Will E-Gate curb suburban sprawl?Posted: March 10, 2011 Filed under: Housing, Planning | Tags: brownfield, Denis Napthine, Docklands, e-Gate, Fishermans Bend, Major Projects, redevelopment, Richmond station, The Age, urban renewal 4 Comments
I like the (very) notional plans for redevelopment of the old E-Gate site in west Melbourne to accommodate up to 12,000 residents published in The Age (Thursday, 10 March, 2011).
Putting what might be 6,000–9,000 dwellings on 20 highly accessible hectares on the edge of the CBD makes a lot more sense than the mere 10,000–15,000 mooted for 200 hectares at Fishermans Bend.
But I do take issue with the claim by the Minister for Major Projects, Denis Napthine, that it’s a very significant development for Melbourne “because we want to grow the population without massively contributing to urban sprawl”.
The Age reinforces this take by titling its report “New city-edge suburb part of plan to curb urban sprawl” and goes on to say that it’s the first big part of the Government’s “plan to shift urban growth from Melbourne’s fringes to its heart”.
I’ve always liked the idea of E-Gate being redeveloped but, as I said on February 19 in relation to a similar report on proposals for Fishermans Bend, the significance or otherwise of the project for fringe growth has to be assessed in the context of the total housing task for Melbourne.
In the twelve months ending 30 September 2010, 42,509 dwellings were approved in the metropolitan area, of which around 17,000 were approved in the outer suburban Growth Area municipalities. That’s just for one year. E-Gate’s 6,000 – 9,000 dwellings would be released over a long time frame, probably at least ten years and quite possibly longer (the Government says Fishermans Bend will be developed over 20-30 years). Existing leases on the site run till 2014 so it’s likely the first residents won’t be moving in for a long time yet.
Of course it all helps but the contribution of the three redevelopment sites identified by the Government – E-Gate, Fishermans Bend and Richmond station – to diminishing pressure on the fringe will be modest. They don’t collectively constitute a sprawl-ameliorating strategy. Melbourne still needs a sensible approach to increasing multi-unit housing supply across the rest of the metropolitan area. The “brownfield strategy” is in danger of becoming “cargo cult urbanism”.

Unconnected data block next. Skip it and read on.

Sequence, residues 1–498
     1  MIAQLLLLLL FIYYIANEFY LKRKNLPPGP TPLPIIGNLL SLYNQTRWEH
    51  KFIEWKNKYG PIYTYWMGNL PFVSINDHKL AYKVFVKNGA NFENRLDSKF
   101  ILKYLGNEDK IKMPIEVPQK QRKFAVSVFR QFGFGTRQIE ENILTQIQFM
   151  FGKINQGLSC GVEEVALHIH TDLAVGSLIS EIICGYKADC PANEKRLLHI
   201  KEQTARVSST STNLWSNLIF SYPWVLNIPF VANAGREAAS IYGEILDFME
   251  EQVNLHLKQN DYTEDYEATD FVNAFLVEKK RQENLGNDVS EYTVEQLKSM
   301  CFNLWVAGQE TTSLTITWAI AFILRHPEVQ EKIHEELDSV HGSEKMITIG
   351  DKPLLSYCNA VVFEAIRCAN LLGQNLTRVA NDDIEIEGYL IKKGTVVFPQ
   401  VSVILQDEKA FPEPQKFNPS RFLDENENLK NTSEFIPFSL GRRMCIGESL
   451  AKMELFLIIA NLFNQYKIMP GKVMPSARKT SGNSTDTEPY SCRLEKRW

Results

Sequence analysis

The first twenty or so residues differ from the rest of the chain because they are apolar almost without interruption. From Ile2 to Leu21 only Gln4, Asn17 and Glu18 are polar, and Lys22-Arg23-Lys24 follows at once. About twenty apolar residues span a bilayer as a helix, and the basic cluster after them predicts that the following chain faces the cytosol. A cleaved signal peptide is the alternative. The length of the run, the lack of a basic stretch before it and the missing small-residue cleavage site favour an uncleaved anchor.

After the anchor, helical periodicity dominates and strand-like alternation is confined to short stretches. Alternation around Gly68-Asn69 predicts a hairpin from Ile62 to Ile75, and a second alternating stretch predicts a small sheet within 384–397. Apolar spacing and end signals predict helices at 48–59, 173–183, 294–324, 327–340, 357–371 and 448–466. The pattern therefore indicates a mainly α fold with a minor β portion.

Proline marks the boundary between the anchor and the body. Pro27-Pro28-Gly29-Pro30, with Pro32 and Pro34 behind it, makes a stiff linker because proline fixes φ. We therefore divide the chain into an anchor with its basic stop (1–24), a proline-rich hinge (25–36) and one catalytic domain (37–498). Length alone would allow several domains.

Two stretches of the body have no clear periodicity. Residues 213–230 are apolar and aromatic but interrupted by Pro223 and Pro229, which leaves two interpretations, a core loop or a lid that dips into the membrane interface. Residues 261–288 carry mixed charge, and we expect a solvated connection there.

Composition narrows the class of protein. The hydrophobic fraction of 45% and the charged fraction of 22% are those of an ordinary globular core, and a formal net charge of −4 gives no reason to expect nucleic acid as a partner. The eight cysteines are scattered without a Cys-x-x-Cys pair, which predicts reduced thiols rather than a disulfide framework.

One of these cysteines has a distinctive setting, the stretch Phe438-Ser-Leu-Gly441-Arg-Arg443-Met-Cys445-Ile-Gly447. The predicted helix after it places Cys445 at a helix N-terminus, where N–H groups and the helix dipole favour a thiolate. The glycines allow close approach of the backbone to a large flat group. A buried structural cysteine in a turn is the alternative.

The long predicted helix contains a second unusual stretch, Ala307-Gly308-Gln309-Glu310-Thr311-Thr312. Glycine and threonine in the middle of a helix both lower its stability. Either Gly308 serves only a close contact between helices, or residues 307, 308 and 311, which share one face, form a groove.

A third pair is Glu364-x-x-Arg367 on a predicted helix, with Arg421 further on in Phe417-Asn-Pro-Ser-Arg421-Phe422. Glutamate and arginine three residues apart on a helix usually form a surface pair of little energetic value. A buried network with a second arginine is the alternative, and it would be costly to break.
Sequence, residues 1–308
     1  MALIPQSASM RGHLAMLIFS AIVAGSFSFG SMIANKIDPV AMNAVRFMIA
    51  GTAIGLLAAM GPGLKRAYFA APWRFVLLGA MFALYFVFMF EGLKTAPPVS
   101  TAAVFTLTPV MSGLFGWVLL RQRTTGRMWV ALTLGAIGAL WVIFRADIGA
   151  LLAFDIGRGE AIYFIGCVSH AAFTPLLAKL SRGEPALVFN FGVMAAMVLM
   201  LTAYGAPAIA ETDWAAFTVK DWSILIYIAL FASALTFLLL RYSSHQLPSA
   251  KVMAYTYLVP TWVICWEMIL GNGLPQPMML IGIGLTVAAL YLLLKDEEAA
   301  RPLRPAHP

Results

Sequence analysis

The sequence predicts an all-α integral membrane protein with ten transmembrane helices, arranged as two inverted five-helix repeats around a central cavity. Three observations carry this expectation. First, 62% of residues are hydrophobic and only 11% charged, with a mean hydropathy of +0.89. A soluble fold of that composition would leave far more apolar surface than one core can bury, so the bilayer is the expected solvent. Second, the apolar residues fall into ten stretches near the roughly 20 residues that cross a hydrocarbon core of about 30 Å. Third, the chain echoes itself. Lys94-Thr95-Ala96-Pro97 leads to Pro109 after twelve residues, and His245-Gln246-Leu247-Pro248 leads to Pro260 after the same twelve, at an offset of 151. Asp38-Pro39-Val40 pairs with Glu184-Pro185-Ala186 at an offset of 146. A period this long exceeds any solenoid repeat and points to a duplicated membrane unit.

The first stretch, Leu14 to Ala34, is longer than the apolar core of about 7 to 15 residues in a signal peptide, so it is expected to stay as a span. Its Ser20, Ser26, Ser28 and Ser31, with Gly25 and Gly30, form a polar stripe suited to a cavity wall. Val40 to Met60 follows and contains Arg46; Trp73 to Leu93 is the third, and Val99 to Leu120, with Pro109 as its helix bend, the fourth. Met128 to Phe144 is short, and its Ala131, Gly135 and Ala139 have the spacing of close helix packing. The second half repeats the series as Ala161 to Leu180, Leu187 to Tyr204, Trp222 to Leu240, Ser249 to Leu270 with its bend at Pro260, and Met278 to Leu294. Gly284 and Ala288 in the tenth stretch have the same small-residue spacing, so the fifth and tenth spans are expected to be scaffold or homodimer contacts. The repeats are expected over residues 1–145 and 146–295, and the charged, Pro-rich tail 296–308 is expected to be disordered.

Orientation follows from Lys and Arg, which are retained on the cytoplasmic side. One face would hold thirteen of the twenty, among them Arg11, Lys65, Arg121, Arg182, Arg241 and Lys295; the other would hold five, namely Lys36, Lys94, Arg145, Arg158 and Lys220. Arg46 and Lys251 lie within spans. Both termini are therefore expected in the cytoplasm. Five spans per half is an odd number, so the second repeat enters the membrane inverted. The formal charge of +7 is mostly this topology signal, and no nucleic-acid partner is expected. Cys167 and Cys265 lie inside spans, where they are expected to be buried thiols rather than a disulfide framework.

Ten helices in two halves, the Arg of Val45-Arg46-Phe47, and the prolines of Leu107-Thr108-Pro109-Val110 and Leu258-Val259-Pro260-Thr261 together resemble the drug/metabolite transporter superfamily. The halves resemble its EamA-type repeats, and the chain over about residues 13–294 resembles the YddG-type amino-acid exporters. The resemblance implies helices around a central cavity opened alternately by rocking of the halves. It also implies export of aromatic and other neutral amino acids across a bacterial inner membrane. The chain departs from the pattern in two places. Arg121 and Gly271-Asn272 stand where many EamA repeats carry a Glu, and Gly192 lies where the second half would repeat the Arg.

It also needs to be borne in mind that what’s been shown for E-Gate so far (and Fishermans Bend and Richmond station for that matter) is little more than froth and bubble. There’s a host of issues like infrastructure supply and the range and balance of land uses that no one knows much about yet. There are also other visions for E-Gate.
Glossy architectural visions for under-utilised sites are all well and good. No doubt the Government is anxious to see off the criticism that it’s been slow off the blocks. But what’s really needed is more information on options and in particular the justification and rationale for what sites like E-Gate would be best used for in the context of the Government’s vision for the whole metropolitan area.
Yes these development sites would have to be very dense indeed (Shanghai or even southbank style)to make any difference. Multiple smaller developments across the inner and middle suburbs, which are already happening without much fuss) would probably contribute far more than these large sites.
More on E-Gate in The Age on 14 March 2011.
[…] Any redevelopment within established suburbs is going to be difficult. However the level of opposition can be reduced, although by no means avoided, where more intensive development is proposed for disused industrial areas. Even so, “brownfield” sites come with their own set of issues, like contamination and possible alternative uses. […]
[…] these sorts of projects than current arrangements i.e. where the State manages a project such as E-Gate through Major Projects Victoria or through an organisation like the amusingly named Places […]